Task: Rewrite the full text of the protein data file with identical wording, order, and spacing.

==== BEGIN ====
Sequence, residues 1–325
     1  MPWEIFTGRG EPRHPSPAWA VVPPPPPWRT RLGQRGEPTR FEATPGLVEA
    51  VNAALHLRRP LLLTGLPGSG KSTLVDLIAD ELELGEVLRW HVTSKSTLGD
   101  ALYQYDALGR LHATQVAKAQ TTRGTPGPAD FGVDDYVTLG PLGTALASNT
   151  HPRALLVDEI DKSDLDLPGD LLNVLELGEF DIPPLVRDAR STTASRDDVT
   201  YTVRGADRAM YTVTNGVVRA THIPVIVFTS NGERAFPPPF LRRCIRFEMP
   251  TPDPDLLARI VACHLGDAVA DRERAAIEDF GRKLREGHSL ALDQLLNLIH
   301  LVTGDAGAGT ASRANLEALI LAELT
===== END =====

Sequence, residues 1–325
     1  MPWEIFTGRG EPRHPSPAWA VVPPPPPWRT RLGQRGEPTR FEATPGLVEA
    51  VNAALHLRRP LLLTGLPGSG KSTLVDLIAD ELELGEVLRW HVTSKSTLGD
   101  ALYQYDALGR LHATQVAKAQ TTRGTPGPAD FGVDDYVTLG PLGTALASNT
   151  HPRALLVDEI DKSDLDLPGD LLNVLELGEF DIPPLVRDAR STTASRDDVT
   201  YTVRGADRAM YTVTNGVVRA THIPVIVFTS NGERAFPPPF LRRCIRFEMP
   251  TPDPDLLARI VACHLGDAVA DRERAAIEDF GRKLREGHSL ALDQLLNLIH
   301  LVTGDAGAGT ASRANLEALI LAELT